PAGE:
'There is “no evidence” that benefit sanctions encourage claimants to get into work or increase their earnings, according to a government report published last month.
The Department for Work and Pensions (DWP) has been accused of “sneaking out” the findings, which cast doubt on the effectiveness of a key element of its flagship universal credit system.
The report, published with no ministerial announcement on 12 September, shows docking benefits as a punishment for alleged failures to comply with Jobcentre Plus rules does not encourage claimants to apply for additional work, and in some cases “damages the relationship between the work coach and the claimant”.
Frank Field, chair of the Work and Pensions Committee, accused ministers of trying to bury the findings rather than give parliament the chance to debate how to better help low-paid workers.
“Rather than set out a bold plan to help low-paid workers earn more money – with more direct support being offered as opposed to terrifying the life out of them with the threat of sanctions – the DWP has decided to sneak out this report without giving the House of Commons an opportunity to debate its contents or the actions that are required on the back of it,” he said.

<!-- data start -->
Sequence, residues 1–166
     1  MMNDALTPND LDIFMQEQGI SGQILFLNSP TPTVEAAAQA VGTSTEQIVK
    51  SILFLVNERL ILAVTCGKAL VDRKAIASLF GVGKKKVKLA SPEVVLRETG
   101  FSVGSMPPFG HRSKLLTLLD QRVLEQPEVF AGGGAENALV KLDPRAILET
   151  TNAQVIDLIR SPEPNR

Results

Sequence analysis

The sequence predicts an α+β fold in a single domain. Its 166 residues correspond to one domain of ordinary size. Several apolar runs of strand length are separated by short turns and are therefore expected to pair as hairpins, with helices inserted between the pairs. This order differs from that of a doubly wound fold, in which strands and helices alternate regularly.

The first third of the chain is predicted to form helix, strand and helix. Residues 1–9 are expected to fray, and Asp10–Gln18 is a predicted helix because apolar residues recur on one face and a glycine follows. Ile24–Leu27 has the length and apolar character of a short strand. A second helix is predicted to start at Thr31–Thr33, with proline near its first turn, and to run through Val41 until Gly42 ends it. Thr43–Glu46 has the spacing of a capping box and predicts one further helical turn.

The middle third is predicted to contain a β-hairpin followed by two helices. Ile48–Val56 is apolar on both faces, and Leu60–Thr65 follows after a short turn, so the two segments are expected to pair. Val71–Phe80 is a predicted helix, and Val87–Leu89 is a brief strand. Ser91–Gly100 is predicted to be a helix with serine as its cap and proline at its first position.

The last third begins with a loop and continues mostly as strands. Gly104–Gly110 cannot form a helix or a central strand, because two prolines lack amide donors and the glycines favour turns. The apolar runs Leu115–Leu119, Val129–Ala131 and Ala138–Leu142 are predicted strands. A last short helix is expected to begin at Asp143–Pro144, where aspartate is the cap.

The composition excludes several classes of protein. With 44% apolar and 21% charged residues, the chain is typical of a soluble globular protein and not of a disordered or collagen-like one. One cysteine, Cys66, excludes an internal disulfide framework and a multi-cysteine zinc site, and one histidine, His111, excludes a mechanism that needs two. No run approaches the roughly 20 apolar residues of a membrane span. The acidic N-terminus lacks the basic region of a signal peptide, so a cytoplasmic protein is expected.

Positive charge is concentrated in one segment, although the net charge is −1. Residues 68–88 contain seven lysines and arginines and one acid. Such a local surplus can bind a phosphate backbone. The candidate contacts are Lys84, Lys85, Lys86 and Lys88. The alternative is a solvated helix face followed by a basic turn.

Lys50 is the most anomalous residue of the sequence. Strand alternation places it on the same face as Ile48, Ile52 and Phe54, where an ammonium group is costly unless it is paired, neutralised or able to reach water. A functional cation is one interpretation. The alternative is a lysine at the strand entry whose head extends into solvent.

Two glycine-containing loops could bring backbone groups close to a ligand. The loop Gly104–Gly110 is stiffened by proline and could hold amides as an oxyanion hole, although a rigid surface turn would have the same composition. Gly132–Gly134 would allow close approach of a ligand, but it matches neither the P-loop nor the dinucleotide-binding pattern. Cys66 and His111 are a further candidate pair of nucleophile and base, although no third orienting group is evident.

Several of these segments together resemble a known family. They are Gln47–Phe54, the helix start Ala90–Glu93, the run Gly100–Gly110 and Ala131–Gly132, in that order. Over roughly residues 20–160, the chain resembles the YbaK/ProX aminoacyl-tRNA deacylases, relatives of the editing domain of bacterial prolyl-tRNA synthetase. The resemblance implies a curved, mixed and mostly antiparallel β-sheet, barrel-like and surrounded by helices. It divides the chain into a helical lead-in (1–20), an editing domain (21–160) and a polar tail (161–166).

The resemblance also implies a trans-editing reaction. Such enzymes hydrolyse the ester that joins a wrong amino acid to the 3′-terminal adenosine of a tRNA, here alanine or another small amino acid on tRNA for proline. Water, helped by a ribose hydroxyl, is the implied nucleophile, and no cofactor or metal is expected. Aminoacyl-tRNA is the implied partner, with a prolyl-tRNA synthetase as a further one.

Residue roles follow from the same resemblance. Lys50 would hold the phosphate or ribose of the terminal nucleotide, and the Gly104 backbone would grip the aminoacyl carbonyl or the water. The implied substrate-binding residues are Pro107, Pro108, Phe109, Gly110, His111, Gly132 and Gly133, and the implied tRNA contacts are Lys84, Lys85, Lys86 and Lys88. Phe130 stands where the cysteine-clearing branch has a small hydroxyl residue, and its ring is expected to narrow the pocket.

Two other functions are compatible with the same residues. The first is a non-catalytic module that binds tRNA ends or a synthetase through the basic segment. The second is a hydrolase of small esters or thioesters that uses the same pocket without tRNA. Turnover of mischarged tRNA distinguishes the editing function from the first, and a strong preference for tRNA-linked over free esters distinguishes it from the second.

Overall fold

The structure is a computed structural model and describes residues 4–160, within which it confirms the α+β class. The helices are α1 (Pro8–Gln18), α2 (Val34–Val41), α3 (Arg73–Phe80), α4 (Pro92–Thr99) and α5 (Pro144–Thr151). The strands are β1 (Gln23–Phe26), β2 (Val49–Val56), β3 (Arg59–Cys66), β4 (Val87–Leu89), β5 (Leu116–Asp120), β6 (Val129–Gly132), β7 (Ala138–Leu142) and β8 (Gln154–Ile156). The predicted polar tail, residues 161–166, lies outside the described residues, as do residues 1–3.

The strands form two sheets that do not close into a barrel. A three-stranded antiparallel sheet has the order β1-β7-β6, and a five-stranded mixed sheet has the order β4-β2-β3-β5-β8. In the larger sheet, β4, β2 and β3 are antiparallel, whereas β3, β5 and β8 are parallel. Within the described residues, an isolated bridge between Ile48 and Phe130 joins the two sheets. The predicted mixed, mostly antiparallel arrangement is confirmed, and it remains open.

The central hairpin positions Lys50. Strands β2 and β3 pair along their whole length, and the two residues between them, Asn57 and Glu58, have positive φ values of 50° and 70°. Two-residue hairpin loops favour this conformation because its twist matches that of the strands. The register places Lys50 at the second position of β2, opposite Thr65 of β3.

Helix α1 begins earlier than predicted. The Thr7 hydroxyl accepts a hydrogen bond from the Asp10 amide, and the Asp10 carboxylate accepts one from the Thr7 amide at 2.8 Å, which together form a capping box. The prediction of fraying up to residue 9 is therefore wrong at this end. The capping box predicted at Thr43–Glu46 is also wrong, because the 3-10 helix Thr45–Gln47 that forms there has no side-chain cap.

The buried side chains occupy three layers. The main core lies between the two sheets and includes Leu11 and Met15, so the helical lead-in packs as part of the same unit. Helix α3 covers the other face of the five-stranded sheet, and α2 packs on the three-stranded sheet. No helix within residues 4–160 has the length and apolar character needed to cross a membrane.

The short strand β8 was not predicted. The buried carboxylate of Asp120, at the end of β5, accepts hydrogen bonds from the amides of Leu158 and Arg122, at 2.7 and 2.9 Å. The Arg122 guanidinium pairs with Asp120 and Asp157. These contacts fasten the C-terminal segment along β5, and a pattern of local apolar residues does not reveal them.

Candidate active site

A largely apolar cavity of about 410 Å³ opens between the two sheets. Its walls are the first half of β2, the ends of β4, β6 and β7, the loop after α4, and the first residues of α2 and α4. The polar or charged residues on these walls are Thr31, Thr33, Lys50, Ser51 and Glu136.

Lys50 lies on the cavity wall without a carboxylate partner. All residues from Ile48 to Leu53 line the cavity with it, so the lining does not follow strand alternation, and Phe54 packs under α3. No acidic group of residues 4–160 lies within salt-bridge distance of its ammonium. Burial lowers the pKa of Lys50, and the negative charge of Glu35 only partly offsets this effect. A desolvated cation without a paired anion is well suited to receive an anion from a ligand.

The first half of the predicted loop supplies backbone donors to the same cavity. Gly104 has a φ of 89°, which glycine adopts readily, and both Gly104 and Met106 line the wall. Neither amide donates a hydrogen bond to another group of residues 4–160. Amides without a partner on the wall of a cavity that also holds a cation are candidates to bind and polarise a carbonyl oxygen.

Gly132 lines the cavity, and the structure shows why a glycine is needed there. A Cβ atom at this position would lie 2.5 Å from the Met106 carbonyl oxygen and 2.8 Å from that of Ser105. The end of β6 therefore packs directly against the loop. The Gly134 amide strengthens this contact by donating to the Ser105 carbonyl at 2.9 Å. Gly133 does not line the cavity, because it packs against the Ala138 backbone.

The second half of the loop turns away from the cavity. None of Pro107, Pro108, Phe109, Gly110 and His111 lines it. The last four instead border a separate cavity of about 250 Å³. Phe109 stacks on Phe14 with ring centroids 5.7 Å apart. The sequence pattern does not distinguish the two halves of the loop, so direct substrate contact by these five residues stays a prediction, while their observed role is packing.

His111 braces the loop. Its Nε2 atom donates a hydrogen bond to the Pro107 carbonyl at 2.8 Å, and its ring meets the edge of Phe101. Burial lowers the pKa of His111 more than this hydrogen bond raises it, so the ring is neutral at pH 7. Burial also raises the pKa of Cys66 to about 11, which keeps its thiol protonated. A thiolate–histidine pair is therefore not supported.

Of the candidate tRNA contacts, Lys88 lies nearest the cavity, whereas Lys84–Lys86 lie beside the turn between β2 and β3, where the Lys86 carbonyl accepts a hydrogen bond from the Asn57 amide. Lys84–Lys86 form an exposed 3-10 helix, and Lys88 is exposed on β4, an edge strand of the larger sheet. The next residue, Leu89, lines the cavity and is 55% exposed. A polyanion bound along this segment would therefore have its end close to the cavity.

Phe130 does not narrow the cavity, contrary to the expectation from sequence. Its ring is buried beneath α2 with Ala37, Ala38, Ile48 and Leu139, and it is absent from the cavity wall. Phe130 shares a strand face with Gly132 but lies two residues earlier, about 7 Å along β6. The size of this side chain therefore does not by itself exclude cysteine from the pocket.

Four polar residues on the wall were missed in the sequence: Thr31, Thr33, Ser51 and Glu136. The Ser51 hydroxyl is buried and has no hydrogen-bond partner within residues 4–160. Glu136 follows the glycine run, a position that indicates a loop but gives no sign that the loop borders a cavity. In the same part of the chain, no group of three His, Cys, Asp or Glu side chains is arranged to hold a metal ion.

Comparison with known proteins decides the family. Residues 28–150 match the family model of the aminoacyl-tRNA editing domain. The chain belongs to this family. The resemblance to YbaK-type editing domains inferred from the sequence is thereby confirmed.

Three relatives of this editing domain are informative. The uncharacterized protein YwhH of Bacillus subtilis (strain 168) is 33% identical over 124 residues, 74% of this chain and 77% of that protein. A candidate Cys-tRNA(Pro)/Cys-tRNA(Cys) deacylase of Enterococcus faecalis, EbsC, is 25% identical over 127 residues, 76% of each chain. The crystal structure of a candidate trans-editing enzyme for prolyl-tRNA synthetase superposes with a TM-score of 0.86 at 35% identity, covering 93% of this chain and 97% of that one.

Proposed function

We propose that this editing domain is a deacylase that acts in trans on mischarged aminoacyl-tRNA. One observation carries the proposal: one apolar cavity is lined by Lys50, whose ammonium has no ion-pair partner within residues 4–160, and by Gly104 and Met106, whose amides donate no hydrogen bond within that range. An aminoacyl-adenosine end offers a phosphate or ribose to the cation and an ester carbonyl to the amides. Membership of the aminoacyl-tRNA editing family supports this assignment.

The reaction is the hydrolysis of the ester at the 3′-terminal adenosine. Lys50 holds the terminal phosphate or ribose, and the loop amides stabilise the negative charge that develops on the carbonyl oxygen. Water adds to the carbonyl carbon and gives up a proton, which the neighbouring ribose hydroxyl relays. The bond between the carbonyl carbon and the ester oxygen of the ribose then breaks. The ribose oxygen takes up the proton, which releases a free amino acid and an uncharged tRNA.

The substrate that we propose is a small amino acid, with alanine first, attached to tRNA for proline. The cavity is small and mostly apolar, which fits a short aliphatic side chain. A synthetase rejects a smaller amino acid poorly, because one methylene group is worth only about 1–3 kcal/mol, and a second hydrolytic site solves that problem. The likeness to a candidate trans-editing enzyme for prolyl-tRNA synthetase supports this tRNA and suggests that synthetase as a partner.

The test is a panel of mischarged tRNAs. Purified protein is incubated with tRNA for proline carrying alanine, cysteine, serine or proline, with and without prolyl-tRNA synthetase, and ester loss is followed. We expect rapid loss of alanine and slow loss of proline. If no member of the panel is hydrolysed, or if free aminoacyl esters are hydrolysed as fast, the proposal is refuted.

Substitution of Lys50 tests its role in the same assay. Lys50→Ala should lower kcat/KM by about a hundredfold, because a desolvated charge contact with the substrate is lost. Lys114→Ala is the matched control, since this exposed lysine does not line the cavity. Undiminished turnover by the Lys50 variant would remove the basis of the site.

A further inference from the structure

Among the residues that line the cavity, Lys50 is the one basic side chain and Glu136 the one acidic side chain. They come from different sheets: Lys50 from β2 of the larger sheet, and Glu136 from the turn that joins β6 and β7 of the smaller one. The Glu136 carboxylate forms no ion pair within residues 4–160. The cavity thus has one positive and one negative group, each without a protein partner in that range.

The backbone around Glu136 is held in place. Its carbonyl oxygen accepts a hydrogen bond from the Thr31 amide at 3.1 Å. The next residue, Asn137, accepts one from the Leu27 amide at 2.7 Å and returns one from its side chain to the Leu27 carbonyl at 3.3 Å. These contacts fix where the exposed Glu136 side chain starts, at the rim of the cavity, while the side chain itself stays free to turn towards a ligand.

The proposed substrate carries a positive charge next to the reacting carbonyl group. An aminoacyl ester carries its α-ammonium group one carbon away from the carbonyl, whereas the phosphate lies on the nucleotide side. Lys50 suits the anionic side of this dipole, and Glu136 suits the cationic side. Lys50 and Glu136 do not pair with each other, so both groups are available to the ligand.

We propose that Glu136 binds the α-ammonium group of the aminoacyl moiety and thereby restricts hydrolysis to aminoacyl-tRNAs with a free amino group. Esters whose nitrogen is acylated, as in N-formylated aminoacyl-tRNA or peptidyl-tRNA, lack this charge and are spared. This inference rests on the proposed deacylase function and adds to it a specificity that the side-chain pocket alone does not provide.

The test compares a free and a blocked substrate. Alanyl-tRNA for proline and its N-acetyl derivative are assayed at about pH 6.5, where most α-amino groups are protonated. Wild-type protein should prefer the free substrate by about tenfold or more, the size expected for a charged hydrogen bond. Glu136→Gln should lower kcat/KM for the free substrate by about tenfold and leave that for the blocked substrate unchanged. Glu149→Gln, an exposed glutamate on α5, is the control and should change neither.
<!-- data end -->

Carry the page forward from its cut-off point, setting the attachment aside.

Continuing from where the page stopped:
“Under universal credit, sanctions are being used for the first time ever against low-paid workers as a means of pushing them to increase their hours or move jobs.'
Read more: No evidence that benefit sanctions work, finds secret DWP report
Did you like this article?
Thank you for your vote!
18 October 2018
Panasonic creates face mask so employees can work distraction-free.....go back to work SLAVE
2 June 2018
Why We Were Born To Do More Than Just Fit Into The System, Go To School, Work, Pay Bills & Die
11 December 2017
Amazon drivers 'are asked to deliver up to 200 parcels a day for less than the minimum wage and they even have to urinate into bottles to keep pace'
From our advertisers
10 hours ago
Trump’s Alliance with Body-Choppers, Death Squads and Child Killers: Saudi Arabia, Brazil and Israel
12 hours ago
Microsoft and Amazon workers protest firms' military AI contract and 'authoritarian surveillance' tech
From our advertisers